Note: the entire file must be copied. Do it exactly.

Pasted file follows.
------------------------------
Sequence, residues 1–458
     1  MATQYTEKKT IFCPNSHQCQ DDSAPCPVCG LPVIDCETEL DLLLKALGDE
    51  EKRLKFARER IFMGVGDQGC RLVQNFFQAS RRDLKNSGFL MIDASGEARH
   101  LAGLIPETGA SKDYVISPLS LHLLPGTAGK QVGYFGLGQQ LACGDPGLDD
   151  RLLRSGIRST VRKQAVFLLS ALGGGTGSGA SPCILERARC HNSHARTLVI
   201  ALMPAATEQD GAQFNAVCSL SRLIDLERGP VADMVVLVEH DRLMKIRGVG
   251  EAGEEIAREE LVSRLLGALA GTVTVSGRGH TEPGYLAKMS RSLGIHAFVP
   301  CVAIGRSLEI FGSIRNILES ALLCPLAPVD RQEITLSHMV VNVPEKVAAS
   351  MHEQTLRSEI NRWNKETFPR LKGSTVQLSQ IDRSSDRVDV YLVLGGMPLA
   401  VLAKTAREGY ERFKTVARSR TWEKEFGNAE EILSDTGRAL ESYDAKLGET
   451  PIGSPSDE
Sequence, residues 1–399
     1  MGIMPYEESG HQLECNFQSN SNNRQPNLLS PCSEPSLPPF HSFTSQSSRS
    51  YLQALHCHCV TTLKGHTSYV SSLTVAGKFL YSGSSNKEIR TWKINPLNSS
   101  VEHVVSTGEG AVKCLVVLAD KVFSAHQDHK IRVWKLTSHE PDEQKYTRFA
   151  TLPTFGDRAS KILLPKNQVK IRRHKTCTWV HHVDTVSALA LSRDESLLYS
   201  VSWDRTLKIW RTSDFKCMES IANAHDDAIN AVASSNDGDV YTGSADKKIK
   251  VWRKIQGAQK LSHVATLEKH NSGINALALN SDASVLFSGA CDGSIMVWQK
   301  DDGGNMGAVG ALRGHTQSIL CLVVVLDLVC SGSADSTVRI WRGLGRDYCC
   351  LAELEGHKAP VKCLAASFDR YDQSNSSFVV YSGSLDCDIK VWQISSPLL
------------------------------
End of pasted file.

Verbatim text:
Sequence, residues 1–458
     1  MATQYTEKKT IFCPNSHQCQ DDSAPCPVCG LPVIDCETEL DLLLKALGDE
    51  EKRLKFARER IFMGVGDQGC RLVQNFFQAS RRDLKNSGFL MIDASGEARH
   101  LAGLIPETGA SKDYVISPLS LHLLPGTAGK QVGYFGLGQQ LACGDPGLDD
   151  RLLRSGIRST VRKQAVFLLS ALGGGTGSGA SPCILERARC HNSHARTLVI
   201  ALMPAATEQD GAQFNAVCSL SRLIDLERGP VADMVVLVEH DRLMKIRGVG
   251  EAGEEIAREE LVSRLLGALA GTVTVSGRGH TEPGYLAKMS RSLGIHAFVP
   301  CVAIGRSLEI FGSIRNILES ALLCPLAPVD RQEITLSHMV VNVPEKVAAS
   351  MHEQTLRSEI NRWNKETFPR LKGSTVQLSQ IDRSSDRVDV YLVLGGMPLA
   401  VLAKTAREGY ERFKTVARSR TWEKEFGNAE EILSDTGRAL ESYDAKLGET
   451  PIGSPSDE
Sequence, residues 1–399
     1  MGIMPYEESG HQLECNFQSN SNNRQPNLLS PCSEPSLPPF HSFTSQSSRS
    51  YLQALHCHCV TTLKGHTSYV SSLTVAGKFL YSGSSNKEIR TWKINPLNSS
   101  VEHVVSTGEG AVKCLVVLAD KVFSAHQDHK IRVWKLTSHE PDEQKYTRFA
   151  TLPTFGDRAS KILLPKNQVK IRRHKTCTWV HHVDTVSALA LSRDESLLYS
   201  VSWDRTLKIW RTSDFKCMES IANAHDDAIN AVASSNDGDV YTGSADKKIK
   251  VWRKIQGAQK LSHVATLEKH NSGINALALN SDASVLFSGA CDGSIMVWQK
   301  DDGGNMGAVG ALRGHTQSIL CLVVVLDLVC SGSADSTVRI WRGLGRDYCC
   351  LAELEGHKAP VKCLAASFDR YDQSNSSFVV YSGSLDCDIK VWQISSPLL